The New York Times reports that the generation that came of age politically during the Obama administration (18 to 24 year-olds) are much less supportive of the president than their slightly older peers. Those voters with only a dim memory of the Bush years are trending more conservative and are more skeptical about what government can do. Given the dismal economic prospects young people are facing, this is not surprising: the unemployment rate for 18 and 19 year-olds is 23.5 percent; for those aged 20–24 it’s 12.9 percent.
In interviews with some young voters, the Times uncovered a sense of despondency and malaise. They may not be Romney converts just yet, but they aren’t lining up behind the president either:
Maria Verdugo, a 20-year-old graduate of the University of California, Santa Cruz, barely remembers the presidential election of 2008—the one that spawned a youth movement that was singular in its scope and political effectiveness—except for “something about Obama saying we needed a change.”
These days, Ms. Verdugo is so busy working to pay off her student loans that she has not decided whether to register “as a Democrat, a Republican or what,” she said.
Chad Tevlin, 19, a student trying to pay for college by cleaning portable toilets in South Bend, Ind., cannot recall if he registered to vote at all. “Pointless” is how he describes politics.
The data supports the anecdotal evidence. A study by the Harvard Institute of Politics found that Barack Obama’s lead over Mitt Romney among this age group is about half of what it is among 25 to 29 year-olds. In a close election, this could have an impact.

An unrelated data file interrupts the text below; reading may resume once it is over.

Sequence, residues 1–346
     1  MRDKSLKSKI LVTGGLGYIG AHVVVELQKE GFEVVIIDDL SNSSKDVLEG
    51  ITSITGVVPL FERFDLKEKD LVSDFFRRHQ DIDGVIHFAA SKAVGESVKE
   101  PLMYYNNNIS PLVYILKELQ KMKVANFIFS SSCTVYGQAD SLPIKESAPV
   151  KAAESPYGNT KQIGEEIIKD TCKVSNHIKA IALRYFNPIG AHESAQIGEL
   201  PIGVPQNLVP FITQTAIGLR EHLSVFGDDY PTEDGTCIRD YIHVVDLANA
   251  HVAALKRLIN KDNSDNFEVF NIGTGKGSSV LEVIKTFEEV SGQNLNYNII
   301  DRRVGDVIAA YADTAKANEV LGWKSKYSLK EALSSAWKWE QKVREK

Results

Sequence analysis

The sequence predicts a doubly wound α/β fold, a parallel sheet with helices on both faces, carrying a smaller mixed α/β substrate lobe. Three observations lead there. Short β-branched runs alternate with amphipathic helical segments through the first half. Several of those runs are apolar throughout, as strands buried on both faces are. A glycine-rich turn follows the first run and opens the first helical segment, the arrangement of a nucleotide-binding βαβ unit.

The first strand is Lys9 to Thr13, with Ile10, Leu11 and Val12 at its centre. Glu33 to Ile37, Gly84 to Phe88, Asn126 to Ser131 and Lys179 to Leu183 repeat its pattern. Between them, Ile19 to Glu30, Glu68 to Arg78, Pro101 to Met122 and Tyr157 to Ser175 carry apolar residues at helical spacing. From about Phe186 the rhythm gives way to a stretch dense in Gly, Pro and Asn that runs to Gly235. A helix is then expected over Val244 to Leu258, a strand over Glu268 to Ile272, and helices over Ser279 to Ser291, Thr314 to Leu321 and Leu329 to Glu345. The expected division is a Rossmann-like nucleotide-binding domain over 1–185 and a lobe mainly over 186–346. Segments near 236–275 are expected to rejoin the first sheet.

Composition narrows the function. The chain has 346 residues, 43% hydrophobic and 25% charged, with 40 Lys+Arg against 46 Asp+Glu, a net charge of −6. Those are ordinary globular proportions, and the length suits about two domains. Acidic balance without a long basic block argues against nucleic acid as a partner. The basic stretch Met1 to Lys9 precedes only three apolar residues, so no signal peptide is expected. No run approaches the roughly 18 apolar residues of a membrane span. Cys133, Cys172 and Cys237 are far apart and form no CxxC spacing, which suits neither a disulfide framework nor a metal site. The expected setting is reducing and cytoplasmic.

Clearly, this represents an opening for Mitt Romney, but taking advantage of it will require a certain finesse. Consider, for example, the Supreme Court’s decision to uphold the Affordable Care Act: one of the law’s most popular provisions is the ability for young adults under the age of 26 to remain on their parents’ health insurance plans. It is worth watching how the Romney campaign balances the commitment to repeal Obamacare “on Day One” while ensuring that young people are not priced out of the market for health insurance.
Political scientists have shown that voters don’t tend to solidify party allegiance until they have voted for the same party in three consecutive elections. After the euphoria of 2008, many Democrats predicted that Obama’s success with young voters would lead his party to years of electoral glory. The dismal reality of governing under trying economic conditions has sapped that enthusiasm. As a result, the political loyalties of this generation still seem up for grabs.